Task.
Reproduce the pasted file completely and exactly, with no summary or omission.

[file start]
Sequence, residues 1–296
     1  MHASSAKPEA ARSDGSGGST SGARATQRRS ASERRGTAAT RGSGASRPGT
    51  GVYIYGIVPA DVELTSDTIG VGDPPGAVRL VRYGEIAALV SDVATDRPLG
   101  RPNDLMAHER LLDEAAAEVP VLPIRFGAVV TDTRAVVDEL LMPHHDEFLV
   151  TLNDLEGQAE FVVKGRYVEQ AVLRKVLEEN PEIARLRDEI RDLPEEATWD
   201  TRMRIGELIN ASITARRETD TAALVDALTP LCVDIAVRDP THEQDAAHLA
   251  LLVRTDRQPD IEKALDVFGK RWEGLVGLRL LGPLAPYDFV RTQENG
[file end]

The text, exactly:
Sequence, residues 1–296
     1  MHASSAKPEA ARSDGSGGST SGARATQRRS ASERRGTAAT RGSGASRPGT
    51  GVYIYGIVPA DVELTSDTIG VGDPPGAVRL VRYGEIAALV SDVATDRPLG
   101  RPNDLMAHER LLDEAAAEVP VLPIRFGAVV TDTRAVVDEL LMPHHDEFLV
   151  TLNDLEGQAE FVVKGRYVEQ AVLRKVLEEN PEIARLRDEI RDLPEEATWD
   201  TRMRIGELIN ASITARRETD TAALVDALTP LCVDIAVRDP THEQDAAHLA
   251  LLVRTDRQPD IEKALDVFGK RWEGLVGLRL LGPLAPYDFV RTQENG